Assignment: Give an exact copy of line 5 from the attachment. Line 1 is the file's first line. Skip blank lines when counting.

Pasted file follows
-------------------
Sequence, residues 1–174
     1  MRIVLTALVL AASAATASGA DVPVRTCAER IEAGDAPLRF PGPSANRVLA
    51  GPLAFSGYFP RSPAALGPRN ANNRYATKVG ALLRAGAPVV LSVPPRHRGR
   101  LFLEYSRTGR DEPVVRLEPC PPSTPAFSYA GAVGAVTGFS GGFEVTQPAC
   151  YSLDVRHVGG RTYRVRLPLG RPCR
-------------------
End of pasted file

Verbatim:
   151  YSLDVRHVGG RTYRVRLPLG RPCR